Dehumidifying buildings is not, well, terribly exciting to most people.
That's partly because they don't realize how much energy we use doing it: the National Renewable Energy Laboratory (NREL) says switching all buildings to the best existing dehumidification technology could reduce peak electricity demand "by as much as 25% in humid regions", or in absolute terms, "about 400 trillion Btu of energy each year" nationwide. Most of the energy air-conditioners use, for instance, is actually used to dehumidify -- as air cools down some of its water vapor must condense, and it takes just 1 calorie of energy to cool 1g of water 1 degree C (and less for the air itself), but it takes 80 calories for 1g of water to change from vapor to liquid.
But technology is changing. We're figuring out better and better ways to dehumidify without sucking down so much power.
NREL scientists believe that desiccants are the best technology around. You've no doubt seen the little desiccant packets used in pill bottles or shipped goods to keep the contents dry; desiccants for buildings are similar passive chemical systems, but eventually they can't absorb any more water and must be "recharged" by heating them up until the trapped water evaporates off again, so they do still require energy inputs to function. (However, if you can capture waste heat from existing sources in a building, you can get this energy more or less "for free.")
Many professional HVAC engineers feel that desiccants are not as efficient as the best-engineered condenser technologies, especially when they are combined with heating and power generation. Compressors ("chillers") are what most buildings use, as does your refrigerator. Compressors could become even more efficient with the use of new technologies such as Qinetiq's biomimetic surface coatings which we've mentioned before.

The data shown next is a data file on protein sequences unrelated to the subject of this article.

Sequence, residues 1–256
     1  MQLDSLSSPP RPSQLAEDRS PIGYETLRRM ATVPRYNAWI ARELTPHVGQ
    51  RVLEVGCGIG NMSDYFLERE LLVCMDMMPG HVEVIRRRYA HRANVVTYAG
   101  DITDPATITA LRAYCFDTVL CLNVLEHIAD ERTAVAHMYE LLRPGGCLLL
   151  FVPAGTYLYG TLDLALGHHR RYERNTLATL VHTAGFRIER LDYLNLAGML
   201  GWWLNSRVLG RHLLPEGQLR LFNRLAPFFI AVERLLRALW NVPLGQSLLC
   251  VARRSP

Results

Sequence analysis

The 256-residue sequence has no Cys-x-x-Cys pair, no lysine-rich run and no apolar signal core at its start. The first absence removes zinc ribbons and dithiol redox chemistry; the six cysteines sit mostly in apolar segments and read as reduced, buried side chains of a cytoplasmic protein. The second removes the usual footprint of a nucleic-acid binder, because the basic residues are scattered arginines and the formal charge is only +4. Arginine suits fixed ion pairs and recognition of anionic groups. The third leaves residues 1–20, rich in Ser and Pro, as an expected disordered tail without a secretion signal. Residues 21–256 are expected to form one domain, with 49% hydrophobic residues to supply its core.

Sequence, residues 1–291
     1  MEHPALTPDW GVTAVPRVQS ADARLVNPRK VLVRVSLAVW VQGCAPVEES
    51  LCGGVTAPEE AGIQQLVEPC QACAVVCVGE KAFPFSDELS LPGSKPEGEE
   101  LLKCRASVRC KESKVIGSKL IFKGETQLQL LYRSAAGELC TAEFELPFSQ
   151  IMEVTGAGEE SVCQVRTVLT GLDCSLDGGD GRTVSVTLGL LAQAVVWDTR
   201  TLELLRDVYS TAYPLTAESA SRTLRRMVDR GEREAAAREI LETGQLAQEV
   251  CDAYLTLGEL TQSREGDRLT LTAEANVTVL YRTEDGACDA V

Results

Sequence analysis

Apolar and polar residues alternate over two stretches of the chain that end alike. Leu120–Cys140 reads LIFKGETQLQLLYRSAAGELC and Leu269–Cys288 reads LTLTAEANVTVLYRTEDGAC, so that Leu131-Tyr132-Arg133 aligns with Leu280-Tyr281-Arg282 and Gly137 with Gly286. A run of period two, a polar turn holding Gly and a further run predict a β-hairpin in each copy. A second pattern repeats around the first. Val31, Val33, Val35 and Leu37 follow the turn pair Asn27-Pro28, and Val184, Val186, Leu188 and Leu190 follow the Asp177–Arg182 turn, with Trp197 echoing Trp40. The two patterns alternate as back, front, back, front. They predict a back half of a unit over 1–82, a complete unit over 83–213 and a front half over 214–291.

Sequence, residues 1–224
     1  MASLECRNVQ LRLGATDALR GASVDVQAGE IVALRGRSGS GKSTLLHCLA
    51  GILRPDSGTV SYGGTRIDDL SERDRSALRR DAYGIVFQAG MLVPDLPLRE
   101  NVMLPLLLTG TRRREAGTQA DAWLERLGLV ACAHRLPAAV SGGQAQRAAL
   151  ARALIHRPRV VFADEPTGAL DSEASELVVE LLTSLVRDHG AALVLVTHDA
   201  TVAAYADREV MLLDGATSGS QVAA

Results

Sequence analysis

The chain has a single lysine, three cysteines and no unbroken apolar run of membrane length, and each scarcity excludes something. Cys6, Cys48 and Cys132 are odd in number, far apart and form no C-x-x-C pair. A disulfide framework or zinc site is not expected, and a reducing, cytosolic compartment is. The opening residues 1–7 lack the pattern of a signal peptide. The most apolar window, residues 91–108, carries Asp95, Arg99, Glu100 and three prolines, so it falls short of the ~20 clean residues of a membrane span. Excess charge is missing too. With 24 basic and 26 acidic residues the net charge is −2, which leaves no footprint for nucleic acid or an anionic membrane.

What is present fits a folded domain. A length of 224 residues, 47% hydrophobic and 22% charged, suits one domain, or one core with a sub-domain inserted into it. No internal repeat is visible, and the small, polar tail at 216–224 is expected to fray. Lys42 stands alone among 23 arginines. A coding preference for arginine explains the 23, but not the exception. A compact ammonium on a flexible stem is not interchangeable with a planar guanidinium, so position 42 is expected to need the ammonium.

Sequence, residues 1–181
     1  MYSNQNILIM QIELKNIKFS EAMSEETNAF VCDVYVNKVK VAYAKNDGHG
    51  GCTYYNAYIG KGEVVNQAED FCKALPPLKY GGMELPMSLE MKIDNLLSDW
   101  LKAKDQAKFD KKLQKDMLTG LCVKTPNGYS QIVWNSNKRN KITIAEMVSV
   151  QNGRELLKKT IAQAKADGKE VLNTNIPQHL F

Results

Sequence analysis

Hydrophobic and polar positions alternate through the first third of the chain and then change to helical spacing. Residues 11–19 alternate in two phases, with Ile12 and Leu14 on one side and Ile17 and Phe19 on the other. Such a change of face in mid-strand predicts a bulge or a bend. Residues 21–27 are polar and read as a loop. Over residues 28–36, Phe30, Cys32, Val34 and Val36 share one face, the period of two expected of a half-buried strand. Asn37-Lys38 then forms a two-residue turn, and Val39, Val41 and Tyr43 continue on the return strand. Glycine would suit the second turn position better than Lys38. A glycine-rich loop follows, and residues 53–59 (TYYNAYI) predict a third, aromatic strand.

One new technology, still in the lab, is what excites me the most: electrostatic dehumidification, which does not condense water at all--it simply pulls water vapor to the side, allowing you to separate an incoming air stream into a dry-air duct (which goes into the building) and a humid-air duct (which gets exhausted outside). It's a promising candidate for most-efficient because it avoids the phase-change problem (80 calories per gram) that all other systems are trapped in. Scientists at the Bangladesh University of Engineering & Technology have studied the idea, and American scientists at the Army Corps of Engineers Engineer Research and Development Center are working on an implementation based on technology from a 1960's project to electrostatically induce precipitation.
A dehumidifier which needs no power will beat the most efficient electric dehumidifier.
Dessicant systems can be powered by low-grade heat, such as solar flat panels. Dessicants can be combined with evaporative cooling to make an air-conditioning system which requires no chiller. This page has some decent exposition: http://www.bchp.org/status-4-1owner.html
Or you could just not live in an icky sweaty stink hole of a bog unless you like to be sweaty and stinky.
Interesting. I wonder if anyone has looked into making rooftop condensors for high-rise buildings which then channel the collected water into pipes that run the height of the building. The falling water could turn miniature water wheels and potentially become a power source (and be captured as grey water for plants, etc.).